Skip to content

Advertisement

  • Oral presentation
  • Open Access

Correlated glomerular convergence and latency coding of odors in mitral cells

  • 1
Flavour20143 (Suppl 1) :O12

https://doi.org/10.1186/2044-7248-3-S1-O12

  • Published:

Keywords

  • Behavioral Response
  • Response Latency
  • Contrast Imaging
  • Psychology Research
  • Latency Vector

Behavioral responses to olfactory stimuli can happen after less than half a second after stimulus arrival. Given ORN spike rates in the order of 0 to 15 spikes/s it appears unlikely that average spike rates play a major role for the detection of the odor and the bahavioral response to it. We therefore assumed the other extreme, i.e. that the first spike of an odor response of a mitral cells is important for detection and quality coding (which does not exclude other effects). Using activity contrast imaging (ACI, [1]) we could indeed show that the response latency vectors code odor quality with high fidelity [2] in virtually synchronous ensembles of mitral cells [3]. We hypothesize that the first spike of a mitral cell is somehow induced by correlated glomerular input. This view is strengthened by the existence of bifurcations in ORN axons so far seen in Xenopus [4] and mice [5]. Such bifurcations obviously lead to hardwired correlations in an ontogenetical situation where, due to a relatively low number of axons, stimulus-induced, correlated ORN activities are sparse or absent.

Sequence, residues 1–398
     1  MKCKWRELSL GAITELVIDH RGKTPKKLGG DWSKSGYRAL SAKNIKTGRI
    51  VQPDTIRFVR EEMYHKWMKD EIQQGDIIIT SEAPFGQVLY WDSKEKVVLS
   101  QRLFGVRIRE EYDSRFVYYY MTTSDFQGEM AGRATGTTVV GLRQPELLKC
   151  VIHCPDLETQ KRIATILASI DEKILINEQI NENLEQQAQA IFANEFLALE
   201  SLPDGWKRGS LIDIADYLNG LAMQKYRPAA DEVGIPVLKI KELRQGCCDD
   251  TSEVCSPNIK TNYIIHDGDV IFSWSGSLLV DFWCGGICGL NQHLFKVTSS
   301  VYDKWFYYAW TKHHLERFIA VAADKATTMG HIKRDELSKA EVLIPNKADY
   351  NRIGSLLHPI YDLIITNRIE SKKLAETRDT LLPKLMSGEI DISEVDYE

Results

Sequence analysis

Authors’ Affiliations

(1)
University of Göttingen, Germany

References

  1. Junek S, Chen T-W, Alevra M, Schild D: Activity correlation imaging: visualizing function and structure of neuronal populations. Biophys J. 2009, 96: 3801-3809.PubMed CentralView ArticlePubMedGoogle Scholar
  2. Junek S, Kludt E, Wolf F, Schild D: Olfactory coding with patterns of response latencies. Neuron. 2010, 67: 872-884.View ArticlePubMedGoogle Scholar
  3. Chen T-W, Lin B-J, Schild D: Odor coding by modules of coherent mitral/tufted cells in the vertebrate olfactory bulb. Proc Natl Acad Sci U S A. 2009, 106: 2401-2406.PubMed CentralView ArticlePubMedGoogle Scholar
  4. Nezlin LP, Schild D: Individual olfactory sensory neurons project into more than one glomerulus in Xenopus laevis tadpole olfactory bulb. J Comp Neurol. 2005, 481: 233-239.View ArticlePubMedGoogle Scholar
  5. Marcucci F, Maier-Balough E, Zou D-J, Firestein S: Exuberant growth and synapse formation of olfactory sensory neuron axonal arborizations. J Comp Neurol. 2011, 519: 3713-3726.View ArticlePubMedGoogle Scholar

Copyright

Advertisement